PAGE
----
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    Re: sextant precision.
    From: George Huxtable
    Date: 2005 Jun 22, 10:10 +0100

    Bill wrote, about the possible effect of offsetting incoming light rays to
    a sextant, with direction unaltered-
    >I have thought it (and sketched it) and am not clear I am wrong.  Let's use
    >a star, and assume its rays to be parallel for all practical purposes.  We
    >make our horizon and index mirrors parallel.
    Yes, OK.
    >This sets equal angles between
    >the scope line of sight/horizon mirror and horizon mirror/a point on the
    >index mirror (hopefully at the axis).  The reflected and glass images
    >coincide. If we were to offset the parallel ray striking the index mirror
    >(or change the geometry of the sextant by raising the index-mirror axis
    >vertically) the images would no longer coincide.
    That's where your mind-picture is wrong, Bill. Forget about "a point on the
    index mirror (hopefully at the axis)". For a plane mirror, one point is as
    good as another; none has any special significance. If you unshipped the
    index mirror from its mountings, you could move it about IN ITS PLANE, and
    as long as it could still reflect some starlight down to the horizon
    mirror, the star images would still coincide. I think that's probably obvious.
    Now shift the index mirror away from the horizon mirror in a direction
    PERPENDICULAR TO ITS PLANE, moving it upwards and backwards so it can still
    reflect some incoming starlight into the index mirror. As long as the index
    mirror is kept exactly parallel with the horizon mirror, you could shift it
    is far as you wanted, many feet away if you wish, and the two star images
    will remain coincident. It's because the starlight is coming from infinity,
    and is all exactly parallel. That would not be the case if the light was
    diverging from a nearby object; indeed, that's how a rangefinder works.
    >My contention is that a optically perfect shade with faces parallel will
    >still offset the ray if not perfectly perpendicular to the ray path.
    Yes, it will; we agree about that offset.
    >are probably correct that the offset is negligible in practice, but
    >nonetheless does exist.
    No, I didn't argue that at all. The offset can be as big as you like.
    However big the parallel offset is, as long as the DIRECTION of the light
    is unchanged, the star images seen in the telescope will still exactly
    If Bill (or anyone else) remains unhappy about that argument, I hope he
    will express his concerns, and we can thrash it out between us a bit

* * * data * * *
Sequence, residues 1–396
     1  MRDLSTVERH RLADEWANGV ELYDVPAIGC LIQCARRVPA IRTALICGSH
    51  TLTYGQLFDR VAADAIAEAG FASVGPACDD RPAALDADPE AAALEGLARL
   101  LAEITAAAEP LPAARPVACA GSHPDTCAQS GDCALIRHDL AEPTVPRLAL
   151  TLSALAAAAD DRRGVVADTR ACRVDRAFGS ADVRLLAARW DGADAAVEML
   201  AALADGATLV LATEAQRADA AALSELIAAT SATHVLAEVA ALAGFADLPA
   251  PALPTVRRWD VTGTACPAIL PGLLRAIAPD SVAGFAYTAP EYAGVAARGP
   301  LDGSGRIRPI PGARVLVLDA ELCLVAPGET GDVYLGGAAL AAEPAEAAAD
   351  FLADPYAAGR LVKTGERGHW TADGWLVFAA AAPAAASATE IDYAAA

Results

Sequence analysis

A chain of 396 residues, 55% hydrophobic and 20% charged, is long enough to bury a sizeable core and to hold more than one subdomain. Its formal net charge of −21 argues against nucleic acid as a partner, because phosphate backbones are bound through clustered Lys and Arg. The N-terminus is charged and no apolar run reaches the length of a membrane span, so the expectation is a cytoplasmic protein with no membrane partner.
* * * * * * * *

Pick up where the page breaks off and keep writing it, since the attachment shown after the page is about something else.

further. Perhaps he isn't the only listmember to be troubled by these
    concepts, so it may be worthwhile clearing the matter up in a way that
    makes everyone happy about it.
    On a related topic, Renee Mattie wrote-
    I attempted the following experiment with my Freiberger:
    * I set my sextant near 0, took it into the closet, and laid it on its back
    on the carpet.
    * I shone a laser pointer through the scope and observed the spot on the
       Actually, I observed two half-spots unless I made a suitable index
       But I extinguished the horizon half-spot with the entire stack of shades
    so it would
       not distract me from the index-mirror half-spot.
    * When I swung the densest index-mirror shade in front of the mirror, it
    extinguished the half-spot.
    * Therefore, I could not observe any deflection of the spot caused by the
    darkest shade,
    did not repeat the experiment on a more stable platform, and did not attempt
    to observe
    deflection caused by the other 3 shades.
    The laser pointer is 7 or 10 years old, and there is no way to replace the
    I wonder if a brand new one would be bright enough to shine through even the
    darkest shade?
    There's an ingenious example of lateral thinking!
    I haven't come across a laser being employed in sextant alignment before,
    but it may indeed have its uses. Renee is using what I vaguely remember as
    being called the "reciprocity principle" for light. This is a fancy way of
    saying that if a light-ray takes a certain path through an optical system,
    if you send light back through the system in exactly the opposie direction,
    it will exactly retrace the same path. Perhaps that's so obvious as to go
    without saying.
    To get the light-beams to converge at a spot so close as the facing wall of
    Renee's closet would require quite a lot of "index correction": and
    "off-the arc", if I've assessed it right. Unless Renee has a VERY big closet...
    Renee's conclusion doesn't surprise me; that the darkest shade is so very,
    very, dark that not enough of the laser light is transmitted as to be
    visible. Perhaps, if that shade has a blue tint, like mine does, its
    transmission of the red light from the laser is even less.
    Contact George at george@huxtable.u-net.com ,or by phone +44 1865 820222,
    or from within UK 01865 820222.
    Or by post- George Huxtable, 1 Sandy Lane, Southmoor, Abingdon, Oxon OX13
    5HX, UK.

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